Hydroxyurea. Hydroxyurea acts as a radiation enhancer in vitro and in vivo[51] and is useful for the treatment of head and neck cancer.[71] This drug was previously used for squamous-cell carcinoma of the cervix (replaced by cisplatin)[72] and gliomas (replaced by temozolomide),[73] and was proposed for the treatment of pancreatic cancer (replaced by 5-FU and potentially gemcitabine).[74] Ribonucleotide-reductase inhibition prevents radiation-induced DNA damage repair during nucleotide excision. Furthermore, hydroxyurea might also synchronize cancer cells at the G1–S checkpoint.[74] The double action of hydroxyurea of cell-cycle synchronizing and DNA damage repair inhibition has been suggested as a mechanism for its more efficacious action as a radiation sensitizer at doses lower than for the ribonucleotide-reductase inhibitors gemcitabine and trimidox.[74] Antimetabolites such as hydroxyurea are selectively cytotoxic to cells that are in the relatively radioresistant S phase of the cell cycle, which might contribute to overcoming radioresistance.

Taxane-based Chemoradiotherapy

Paclitaxel and docetaxel form high-affinity bonds with microtubules, promoting tubulin polymerization and stabilization. At high doses, these drugs block prophase to metaphase progression, disrupting the centrosome network and thereby causing cell death.[75] Despite the structural similarities of these two agents, differences in excretion and cell-cycle tropism instigate differing temporal interactions of paclitaxel and docetaxel with radiation.[76]

Two mechanisms for paclitaxel and docetaxel radiosensitization have been proposed. The standard explanation is that cells remain in the G2–M phase of the cell cycle, leading to synchronization (cell-cycle pooling) of tumor cells at a point of maximum radiosensitivity,[11,42] but it is still unclear whether cell-cycle redistribution occurs, especially in vivo.[43] True synchronization in large tumors seems unlikely, and may not increase the therapeutic index as normal cells are also affected.[77] Alternatively, taxanes can induce tumor shrinkage, improving perfusion and subsequent reoxygenation. As hypoxic areas of the tumor are reoxygenated they become more sensitive to radiation-induced cell kill.[46] Paradoxically, low doses of taxanes may induce protection against radiation via possible alterations in signal transduction pathways. Pretreatment of a human laryngeal squamous cell line with 7.5 nmol/l paclitaxel 6 h before irradiation induced subadditive effects via G2 blockade.[78] Extensive single-agent and chemoradiotherapy taxane mechanisms are reviewed by Hennequin and Favaudon.[11]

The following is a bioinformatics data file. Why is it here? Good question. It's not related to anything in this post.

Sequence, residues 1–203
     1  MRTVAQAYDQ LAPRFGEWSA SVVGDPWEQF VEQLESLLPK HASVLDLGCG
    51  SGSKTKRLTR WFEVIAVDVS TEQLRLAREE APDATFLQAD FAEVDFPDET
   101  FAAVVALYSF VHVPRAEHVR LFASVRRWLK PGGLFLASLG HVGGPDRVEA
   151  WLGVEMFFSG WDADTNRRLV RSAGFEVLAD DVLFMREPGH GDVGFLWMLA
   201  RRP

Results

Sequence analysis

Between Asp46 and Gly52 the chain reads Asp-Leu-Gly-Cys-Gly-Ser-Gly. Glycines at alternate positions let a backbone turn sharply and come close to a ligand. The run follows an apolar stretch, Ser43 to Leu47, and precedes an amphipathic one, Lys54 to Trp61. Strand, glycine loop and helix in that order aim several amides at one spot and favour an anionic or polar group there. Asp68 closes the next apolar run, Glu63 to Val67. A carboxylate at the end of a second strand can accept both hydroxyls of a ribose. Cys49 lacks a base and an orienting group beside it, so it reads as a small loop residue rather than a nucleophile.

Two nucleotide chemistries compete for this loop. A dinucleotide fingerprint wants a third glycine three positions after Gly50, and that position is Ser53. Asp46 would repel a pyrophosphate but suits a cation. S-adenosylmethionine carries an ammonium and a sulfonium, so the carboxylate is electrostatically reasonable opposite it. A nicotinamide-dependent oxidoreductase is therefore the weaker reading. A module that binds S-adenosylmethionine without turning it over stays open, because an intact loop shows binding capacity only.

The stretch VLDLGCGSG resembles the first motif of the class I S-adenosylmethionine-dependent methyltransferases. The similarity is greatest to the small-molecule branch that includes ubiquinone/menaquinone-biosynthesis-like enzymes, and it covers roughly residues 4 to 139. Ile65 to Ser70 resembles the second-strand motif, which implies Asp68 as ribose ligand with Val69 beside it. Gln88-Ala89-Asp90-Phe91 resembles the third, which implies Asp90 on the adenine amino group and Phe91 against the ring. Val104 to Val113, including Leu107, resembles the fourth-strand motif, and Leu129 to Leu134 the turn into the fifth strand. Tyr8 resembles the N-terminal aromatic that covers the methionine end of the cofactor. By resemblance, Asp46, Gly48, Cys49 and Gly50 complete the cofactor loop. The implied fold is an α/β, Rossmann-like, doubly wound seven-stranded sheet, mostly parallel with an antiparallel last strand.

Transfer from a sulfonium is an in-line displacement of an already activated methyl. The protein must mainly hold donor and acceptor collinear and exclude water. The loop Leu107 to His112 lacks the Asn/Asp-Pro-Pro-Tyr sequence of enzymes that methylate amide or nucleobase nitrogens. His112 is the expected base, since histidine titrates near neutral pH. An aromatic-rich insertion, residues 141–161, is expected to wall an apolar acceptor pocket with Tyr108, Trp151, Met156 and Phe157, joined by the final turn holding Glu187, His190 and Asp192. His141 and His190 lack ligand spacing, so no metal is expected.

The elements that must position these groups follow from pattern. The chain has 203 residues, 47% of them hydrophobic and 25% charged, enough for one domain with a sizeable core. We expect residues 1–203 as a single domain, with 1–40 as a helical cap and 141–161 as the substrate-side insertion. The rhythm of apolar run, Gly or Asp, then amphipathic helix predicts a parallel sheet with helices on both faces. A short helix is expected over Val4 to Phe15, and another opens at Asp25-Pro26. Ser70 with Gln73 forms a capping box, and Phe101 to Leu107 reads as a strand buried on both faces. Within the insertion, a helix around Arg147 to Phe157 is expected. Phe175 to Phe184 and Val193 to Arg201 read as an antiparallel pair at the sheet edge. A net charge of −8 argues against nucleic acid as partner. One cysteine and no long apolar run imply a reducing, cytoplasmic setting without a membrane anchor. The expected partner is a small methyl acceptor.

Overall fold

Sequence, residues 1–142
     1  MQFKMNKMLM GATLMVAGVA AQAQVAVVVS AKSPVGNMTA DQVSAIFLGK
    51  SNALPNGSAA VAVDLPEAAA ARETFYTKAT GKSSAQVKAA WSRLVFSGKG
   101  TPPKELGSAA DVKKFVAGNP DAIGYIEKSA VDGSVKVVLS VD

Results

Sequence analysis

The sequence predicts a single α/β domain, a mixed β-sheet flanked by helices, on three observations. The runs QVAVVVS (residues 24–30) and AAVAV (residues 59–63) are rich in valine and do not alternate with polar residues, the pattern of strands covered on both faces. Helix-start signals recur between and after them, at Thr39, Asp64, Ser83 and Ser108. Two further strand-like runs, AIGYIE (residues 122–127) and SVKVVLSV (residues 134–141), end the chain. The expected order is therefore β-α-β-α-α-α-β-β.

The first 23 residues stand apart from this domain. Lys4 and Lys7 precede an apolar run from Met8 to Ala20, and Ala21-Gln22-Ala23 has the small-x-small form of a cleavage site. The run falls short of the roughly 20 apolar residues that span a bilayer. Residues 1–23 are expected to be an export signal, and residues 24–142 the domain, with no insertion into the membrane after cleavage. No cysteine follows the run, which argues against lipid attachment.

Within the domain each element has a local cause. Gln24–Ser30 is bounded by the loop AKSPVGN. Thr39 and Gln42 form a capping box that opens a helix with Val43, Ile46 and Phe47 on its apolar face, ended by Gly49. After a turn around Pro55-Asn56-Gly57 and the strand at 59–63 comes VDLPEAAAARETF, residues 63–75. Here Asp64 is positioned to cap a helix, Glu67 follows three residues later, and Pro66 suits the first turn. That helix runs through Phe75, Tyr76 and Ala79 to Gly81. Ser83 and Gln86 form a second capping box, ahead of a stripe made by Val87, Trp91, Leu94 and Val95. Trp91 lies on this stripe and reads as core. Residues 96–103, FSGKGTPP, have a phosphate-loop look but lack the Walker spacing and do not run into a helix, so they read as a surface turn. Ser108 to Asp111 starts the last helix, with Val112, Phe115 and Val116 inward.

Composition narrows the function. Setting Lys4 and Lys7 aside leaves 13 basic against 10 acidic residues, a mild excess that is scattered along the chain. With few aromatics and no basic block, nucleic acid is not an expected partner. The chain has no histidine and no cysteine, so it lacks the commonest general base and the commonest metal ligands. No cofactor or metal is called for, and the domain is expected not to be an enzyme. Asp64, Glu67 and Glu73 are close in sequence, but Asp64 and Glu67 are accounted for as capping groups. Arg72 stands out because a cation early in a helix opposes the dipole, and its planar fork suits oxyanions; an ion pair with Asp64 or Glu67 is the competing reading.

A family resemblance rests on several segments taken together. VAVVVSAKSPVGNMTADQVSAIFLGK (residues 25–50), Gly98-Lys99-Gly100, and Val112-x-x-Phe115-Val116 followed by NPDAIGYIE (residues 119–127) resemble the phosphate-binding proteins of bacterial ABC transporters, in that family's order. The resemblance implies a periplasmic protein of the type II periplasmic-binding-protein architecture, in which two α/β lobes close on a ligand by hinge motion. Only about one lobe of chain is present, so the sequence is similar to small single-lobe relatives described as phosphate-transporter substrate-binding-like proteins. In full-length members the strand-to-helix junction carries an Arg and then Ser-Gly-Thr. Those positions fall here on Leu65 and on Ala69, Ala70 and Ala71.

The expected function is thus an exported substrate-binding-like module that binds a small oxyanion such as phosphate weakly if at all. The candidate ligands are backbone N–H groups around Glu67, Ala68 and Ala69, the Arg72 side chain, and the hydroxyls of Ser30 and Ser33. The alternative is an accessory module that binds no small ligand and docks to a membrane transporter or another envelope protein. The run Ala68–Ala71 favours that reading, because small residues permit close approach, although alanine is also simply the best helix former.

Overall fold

Mitomycin-C-based Chemoradiotherapy

Mitomycin C inhibits DNA and RNA synthesis by interfering with DNA cross-linking, primarily at the guanine and cytosine pairs. Although mitomycin C is not cell-cycle-specific, this agent is known to induce marked cell-cycle arrest at the G2–M transition.[79,80] In combination with radiation, mitomycin C acts as a hypoxic cell sensitizer and is thought to prevent repopulation, although the exact mechanism remains elusive.[81]

Tirapazamine-based Chemoradiotherapy

Tirapazamine is the lead compound in a class that has selective cytotoxic activity under hypoxic conditions (hypoxic cell cytotoxic).[82] Hypoxic tumor cells that are relatively resistant to radiotherapy exhibit aggressive growth behavior, and portend a poor prognosis. Although widely recognized in its ability to enhance radiation,[83] debate exists as to whether tirapazamine's effects are additive or supra-additive.[84,85] Regardless, theoretical models show that the killing of hypoxic cells might improve outcomes compared with standard radiosensitizers.[86]